They have a “Happy Sharing Program” (Word .doc) to encourage people to refer their friends (and complete strangers!)… give the pen ID of the person who referred you and when you buy a pen and register it for warranty, you will get $10 credit off your next regular priced books, and the person referring you will also get $10 credit off THEIR next regular priced books. Win-Win. Here is the price list and package descriptions

Anyways, my son likes it and wants to actually listen to Chinese in books for once, and I like it in that it really helps my listening skills in Chinese. The book’s various segments (illustrations, pinyin, chinese characters) speak with a variety of male, female and children’s voices, and say things from short and cute to complicated. One can listen to a single phrase many times over to help with listening comprehension and reading help. I think that one of the major uses for me will be to increase my reading-out-loud skills, that I can transfer to our other non-talking Chinese picture books.

And already, just reading “Xiao Hong Mao” (Little Red Ridinghood), I have picked up vocabulary, syntax and phrases I can use to play with my son!

I will try to get a proper photo-post done to show the whole pen set and books in the near future. For now, I recommend it.

Practice your reading with Chinese Readers!

I have lucked upon these wonderful books, P3 Chinese Readers (what a memorable name! LOL!), edited by Yin Dalu, put out by PPP Company, Hong Kong (the Professional Publishing People).

P3 Chinese Readers

P3 Chinese Readers

I find it hard to find simple, engaging material to practice reading Chinese characters that is not overwhelming (ie the average picturebook in chinese, even with pinyin, can mean a week of looking up vocab) and that is not part of some very involved, structured textbook. Ie painfully educational.

Chinese Reader: inside book

Chinese Reader Green open book

You know, there is a reason why in Grade One and Two, they have those Leveled Readers that your kids bring home: very short simple storybooks that reinforce learning and give a sense of accomplishment. Well, now you can get just such a thing in Chinese. These Readers are glossy little books: about 8 inches square, 13 pages including the inside back cover. They all have bright flat colors with clear classy photographs, and often the addition of drawn characters that interact with the photo settings and objects.

Chinese Reader Orange

Sample Chinese Reader Orange

Each “story” is only written in large clear simplified characters, and end on page 10. Page 11 is a page by page listing of the text in characters, pinyin and English. Handy to keep your thumb here. Unlike having English and pinyin on the page with the characters, you can’t get lazy and just not read the actual wenzi, BUT you can quickly and easily consult a forgotten word or pronunciation. Page 12 is either a quick quiz on vocab or a grammar note, like “yi, er, san” are used for counting, but “yi ge, liang ge, san ge” are used when enumerating something. Page 13 (inside back cover) has key vocab in character, pinyin and English.

Reader Orange spread

Pang/shou: Reader Orange

Text by page #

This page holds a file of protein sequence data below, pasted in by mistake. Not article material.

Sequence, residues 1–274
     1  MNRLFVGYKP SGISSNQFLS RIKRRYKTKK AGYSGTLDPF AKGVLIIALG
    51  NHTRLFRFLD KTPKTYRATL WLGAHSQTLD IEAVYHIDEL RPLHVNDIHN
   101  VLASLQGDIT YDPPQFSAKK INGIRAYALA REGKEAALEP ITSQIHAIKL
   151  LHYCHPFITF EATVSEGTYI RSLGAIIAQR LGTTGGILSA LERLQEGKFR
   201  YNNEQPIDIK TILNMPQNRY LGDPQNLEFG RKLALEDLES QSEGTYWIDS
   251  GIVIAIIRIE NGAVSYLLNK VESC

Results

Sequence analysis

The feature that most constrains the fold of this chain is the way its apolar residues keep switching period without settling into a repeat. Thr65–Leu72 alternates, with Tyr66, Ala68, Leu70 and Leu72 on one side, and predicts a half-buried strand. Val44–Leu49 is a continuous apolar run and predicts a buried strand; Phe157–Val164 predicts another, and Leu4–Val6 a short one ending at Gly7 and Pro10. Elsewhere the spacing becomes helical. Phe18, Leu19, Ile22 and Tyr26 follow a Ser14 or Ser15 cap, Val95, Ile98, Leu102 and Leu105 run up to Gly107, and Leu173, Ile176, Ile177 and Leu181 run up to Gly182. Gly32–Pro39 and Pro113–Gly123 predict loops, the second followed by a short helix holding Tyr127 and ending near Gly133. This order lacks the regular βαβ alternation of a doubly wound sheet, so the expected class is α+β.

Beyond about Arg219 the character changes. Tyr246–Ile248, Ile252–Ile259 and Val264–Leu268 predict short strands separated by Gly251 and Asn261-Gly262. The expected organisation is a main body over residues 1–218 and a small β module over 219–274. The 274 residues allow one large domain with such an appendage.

Bu Tong! Text by page #

Very clear, simple, and handy to practice your character pronunciation and understanding.

Inside Back Cover: Orange

Inside back cover: Orange Reader

There are six levels of difficulty: Orange Readers mostly have one or two words per page, and perhaps a phrase or short sentence at start or end. Extremely basic adjectives, nouns, verbs, numerals, colors and animals are introduced.

Chinese Readers Blue

Blue Chinese Readers

Blue Readers build on Orange level one, with a phrase or multi-character word per page, and some semblance of a tale. Family members, farm animals, clothing, body parts within proper basic sentences.

Chinese Reader Blue spread

Blue Reader inside spread

Green Readers are level three, and introduce longer sentences and a wider vocabulary. Weather, hobbies, telling time…

Level Four is Purple Readers. They have sentences with more complexity: describing people, making comparisons, using adverbs, talking about living in, going to, taking transportation.

Blue Reader text by page #

Blue Reader text by page #

Brown Readers have longer sentences still, introducing concepts like “not only y… but x as well”, giving directions, explaining “why” you like something etc. Seasons of China, travelling, getting around Beijing, wanting to buy something, what do you want to be when you grow up…

Finally the Red Readers are mostly simplified versions of Chinese tales: Hua Mulan, Zhong Kui Kills the Ghost, Pangu Separates Sky and Earth.

Blue Reader inside back cover

Blue Reader inside back cover

Personally I can mostly read Orange and Blue with no trouble, Green has a few words I don’t know, Purple has sentence structures I am aware of (“this is x-er than that”) but not proficient at using, Brown is challenging, and Red we haven’t bought any of yet.

Chinese Reader Green inside spread

Chinese Reader Green inside spread

These stapled glossy softcovers are sold individually, but I prefer to get them in sets of six. Each level has two sets of six, giving you a whopping 72 individual books to practice with . They are very reasonably priced, about $12 per set of six.

Green Reader text page by page

Green Reader text page by page

You could get them at Amazon.ca until I ordered two sets and several individual copies (to make up my $39 for free shipping, of course!)… they never did send me the individual books. They sent me the two sets and immediately set all these books to “not available” on their site. Sigh. It was too good to be true.

Green Reader inside back cover

Green Reader inside back cover